While on a family weekend getaway in Collingwood to celebrate the beginning of the summer, I awoke at 4:30 am to capture the sunrise over Georgian Bay. From seven people, only my wife and nephew joined me for the early shoot. Not sure about them, but for me, it was totally worth it.
I knew some people participating in the annual colour run, which looked like so much fun I decided to join them for 2016, despite having no interest in running. I only packed my zoom lens, to get close as possible to the runners, and stay as far away as possible from the explosions of coloured powder. (Turns out, I did get a little on my camera and lens, but it came off easily with no damage).
For my third time experiencing the short-lived beauty of the Cherry Blossoms, I had camera in toe once again. The first time was a dawn-time photoshoot, and the second time I decided to focus on the people. This time, I used a neutral density filter to increase shutter times dramatically. This gave some of the photos a strange look, with people blurred as they moved, and the slight movement of the trees emitting a ghostly glow.
The annual Zombiewalk in Toronto is an amazing event for photographers. In no other public situation are so many people willing and eager to have their photos taken. I’m always impressed with the creativity these zombies put into their costumes, everything from subversively comical to classy.
For this photoshoot, I purposely underexposed each photo, then treated each photo with HDR (high dynamic range) processing for a dark and gritty effect.
My favourite zombies include the Mickey Mouse zombie, the Charlie Chaplin zombie, and the 8-bit zombies.
In addition to co-creating, co-producing, and co-hosting the weekly program Song Talk Radio, I also designed the show’s logo and business card, and co-designed the website and monthly electronic newsletter.
Song Talk Radio is a very safe space for me, and at times, a great venue for me to express my creative side in clever ways. For this logo design, I used musical symbols in place of letters, and of course, the photo we used shows the camaraderie and humour of the team.
It looks like you’re in Alberta, but the Cheltenham Badlands are actually very close to Toronto. Not much bigger than a city block, it’s a little gem of undulating red shale hills. The distinctive colour is produced by iron oxide. Due to a lot of people climbing over the rocks, the site was closed to human traffic in 2015.
All of these images used HDR, or high dynamic range photography.
Organized as a Meetup.com group for photographers, we made the conscious choice to stay in the old part of Havana instead of a resort. Havana had been, and continues to, go through a massive transformation as the old city becomes gentrified and joins the global community. Often you’d see a crumbling old building next door to a brand new, Starbucks type cafe.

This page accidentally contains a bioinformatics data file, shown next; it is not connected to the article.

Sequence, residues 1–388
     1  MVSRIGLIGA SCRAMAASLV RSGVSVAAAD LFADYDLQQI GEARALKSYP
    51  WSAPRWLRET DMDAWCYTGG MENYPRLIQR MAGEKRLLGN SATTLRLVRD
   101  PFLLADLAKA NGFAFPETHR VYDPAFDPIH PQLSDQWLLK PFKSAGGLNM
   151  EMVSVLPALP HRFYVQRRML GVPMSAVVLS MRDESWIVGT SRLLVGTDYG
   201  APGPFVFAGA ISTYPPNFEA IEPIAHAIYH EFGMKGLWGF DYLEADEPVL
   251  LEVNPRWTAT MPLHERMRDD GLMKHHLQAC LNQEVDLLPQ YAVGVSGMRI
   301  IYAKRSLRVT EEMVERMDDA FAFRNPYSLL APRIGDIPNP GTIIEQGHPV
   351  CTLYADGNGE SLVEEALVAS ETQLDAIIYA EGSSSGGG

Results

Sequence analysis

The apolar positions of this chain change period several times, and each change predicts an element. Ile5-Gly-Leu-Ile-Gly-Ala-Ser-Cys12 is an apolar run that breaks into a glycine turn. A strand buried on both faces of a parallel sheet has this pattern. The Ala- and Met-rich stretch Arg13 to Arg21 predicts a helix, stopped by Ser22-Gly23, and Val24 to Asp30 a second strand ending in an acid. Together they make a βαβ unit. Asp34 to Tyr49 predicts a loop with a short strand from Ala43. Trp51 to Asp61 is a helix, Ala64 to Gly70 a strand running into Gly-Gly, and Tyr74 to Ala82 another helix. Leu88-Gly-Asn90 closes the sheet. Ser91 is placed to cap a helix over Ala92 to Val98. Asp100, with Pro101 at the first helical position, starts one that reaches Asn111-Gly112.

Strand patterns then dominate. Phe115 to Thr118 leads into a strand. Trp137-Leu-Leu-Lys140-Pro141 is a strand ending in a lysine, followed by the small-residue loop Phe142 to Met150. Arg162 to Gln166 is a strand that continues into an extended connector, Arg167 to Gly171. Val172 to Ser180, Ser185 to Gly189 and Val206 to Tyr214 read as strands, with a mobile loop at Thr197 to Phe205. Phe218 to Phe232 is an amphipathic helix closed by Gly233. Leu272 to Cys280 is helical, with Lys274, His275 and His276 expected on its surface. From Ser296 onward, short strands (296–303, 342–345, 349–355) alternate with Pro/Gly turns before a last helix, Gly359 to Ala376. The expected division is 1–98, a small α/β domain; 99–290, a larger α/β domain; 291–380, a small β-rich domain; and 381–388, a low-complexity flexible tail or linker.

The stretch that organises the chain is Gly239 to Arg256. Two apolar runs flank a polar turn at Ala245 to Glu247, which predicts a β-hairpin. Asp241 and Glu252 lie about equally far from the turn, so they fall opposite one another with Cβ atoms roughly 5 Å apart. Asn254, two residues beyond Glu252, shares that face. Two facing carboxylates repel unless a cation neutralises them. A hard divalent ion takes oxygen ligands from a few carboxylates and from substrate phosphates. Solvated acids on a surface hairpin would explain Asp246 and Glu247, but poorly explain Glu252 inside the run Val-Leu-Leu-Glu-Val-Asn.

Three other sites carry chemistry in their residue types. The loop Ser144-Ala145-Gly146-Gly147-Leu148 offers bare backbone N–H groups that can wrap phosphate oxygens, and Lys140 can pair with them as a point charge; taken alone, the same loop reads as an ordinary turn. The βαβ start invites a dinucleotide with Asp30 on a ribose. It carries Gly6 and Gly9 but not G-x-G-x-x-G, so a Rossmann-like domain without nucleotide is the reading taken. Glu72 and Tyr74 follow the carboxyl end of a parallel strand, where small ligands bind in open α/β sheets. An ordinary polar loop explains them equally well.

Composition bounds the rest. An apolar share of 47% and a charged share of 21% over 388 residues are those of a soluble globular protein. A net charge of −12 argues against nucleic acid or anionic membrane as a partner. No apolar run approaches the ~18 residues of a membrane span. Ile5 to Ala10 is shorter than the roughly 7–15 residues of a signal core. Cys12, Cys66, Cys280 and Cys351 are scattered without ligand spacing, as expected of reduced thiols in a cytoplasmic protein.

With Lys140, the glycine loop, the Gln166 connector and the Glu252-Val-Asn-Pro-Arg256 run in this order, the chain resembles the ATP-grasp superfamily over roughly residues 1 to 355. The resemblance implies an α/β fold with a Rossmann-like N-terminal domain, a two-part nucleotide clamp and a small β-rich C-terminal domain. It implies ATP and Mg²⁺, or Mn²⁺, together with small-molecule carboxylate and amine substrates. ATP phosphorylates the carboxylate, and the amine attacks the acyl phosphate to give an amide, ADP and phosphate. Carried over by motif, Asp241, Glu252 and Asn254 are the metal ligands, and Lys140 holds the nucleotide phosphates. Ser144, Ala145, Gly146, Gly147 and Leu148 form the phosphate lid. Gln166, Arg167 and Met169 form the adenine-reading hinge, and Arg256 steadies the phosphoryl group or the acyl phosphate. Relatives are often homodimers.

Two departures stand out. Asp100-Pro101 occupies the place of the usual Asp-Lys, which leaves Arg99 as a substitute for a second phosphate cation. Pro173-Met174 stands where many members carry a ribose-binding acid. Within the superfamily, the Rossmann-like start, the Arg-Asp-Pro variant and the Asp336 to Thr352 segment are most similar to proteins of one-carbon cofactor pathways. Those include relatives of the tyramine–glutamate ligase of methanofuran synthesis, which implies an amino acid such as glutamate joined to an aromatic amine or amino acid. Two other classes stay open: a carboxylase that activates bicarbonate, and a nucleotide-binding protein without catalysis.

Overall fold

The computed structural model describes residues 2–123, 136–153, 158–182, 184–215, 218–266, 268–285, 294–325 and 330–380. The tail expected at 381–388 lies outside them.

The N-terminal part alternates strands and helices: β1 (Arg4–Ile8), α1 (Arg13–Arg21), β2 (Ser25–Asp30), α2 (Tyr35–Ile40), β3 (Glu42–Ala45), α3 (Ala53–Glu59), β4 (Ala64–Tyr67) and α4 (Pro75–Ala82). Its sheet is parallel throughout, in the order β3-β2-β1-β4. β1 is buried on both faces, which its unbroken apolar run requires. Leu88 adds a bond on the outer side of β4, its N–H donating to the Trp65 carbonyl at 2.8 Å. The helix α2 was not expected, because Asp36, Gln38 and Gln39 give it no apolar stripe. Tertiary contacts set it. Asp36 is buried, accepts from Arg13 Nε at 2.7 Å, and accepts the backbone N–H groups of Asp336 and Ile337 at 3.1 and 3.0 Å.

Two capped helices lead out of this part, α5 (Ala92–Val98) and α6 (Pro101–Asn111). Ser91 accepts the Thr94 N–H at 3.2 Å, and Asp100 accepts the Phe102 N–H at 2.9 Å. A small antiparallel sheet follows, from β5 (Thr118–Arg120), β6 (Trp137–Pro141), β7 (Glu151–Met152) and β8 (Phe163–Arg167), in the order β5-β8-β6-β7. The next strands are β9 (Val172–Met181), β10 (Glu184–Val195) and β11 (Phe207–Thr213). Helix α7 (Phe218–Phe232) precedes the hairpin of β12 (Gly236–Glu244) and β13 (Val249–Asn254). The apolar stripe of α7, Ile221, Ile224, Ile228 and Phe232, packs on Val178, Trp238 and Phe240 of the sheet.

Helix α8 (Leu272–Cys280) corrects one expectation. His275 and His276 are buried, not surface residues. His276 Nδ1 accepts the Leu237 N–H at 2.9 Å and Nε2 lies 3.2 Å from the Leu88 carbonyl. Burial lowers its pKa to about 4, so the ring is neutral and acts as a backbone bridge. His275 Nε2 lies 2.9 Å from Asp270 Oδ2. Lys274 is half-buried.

The best thing about going with a group of 30 photographers? “Who wants to get up at 5 a.m. and take some sunrise photos?” Five hands go up.
According to the locals, the classic cars are kept with great pride by the owners, often restoring the exterior while replacing the engine with a modern one.
We also took a day trip to Vinales, a small town in the lush, green countryside outside Havana.
The Havana of yesterday is quickly disappearing, and it was a great opportunity to capture it in photos before it’s gone forever.
During my time with ONPHA, I was responsible for delegate photography at the Association’s Annual Conference, as well as event photography at housing provider sites, and building photography when needed. The photos were used for future marketing of the events as well as education courses and general stock photos for the Quick Connections newsletter, Annual Report, and website.
At the annual conferences, photos taken were quickly edited and compiled together with sponsor and marketing slides for a looping slideshow during the banquet dinner. Delegates were always delighted at seeing their faces on the large screens mere hours after the photos were taken.
I was responsible for selecting photographs and videos to reflect the award winner narrative. This often required some creative use of stock photos to fill gaps as a result of too few or irrelevant photos from the award winner.
See the complete list of award videos (2008 to 2013).
I worked with the signage company to design the trade show booth for the ONPHA annual conference. The design had to satisfy several criteria, including reflecting the association’s member-driven service and the educational resources we provided. Most of the photos used were shot by myself at various ONPHA and member events.
Use of Photoshop and InDesign to create quarter-size files to the manufacturer specifications.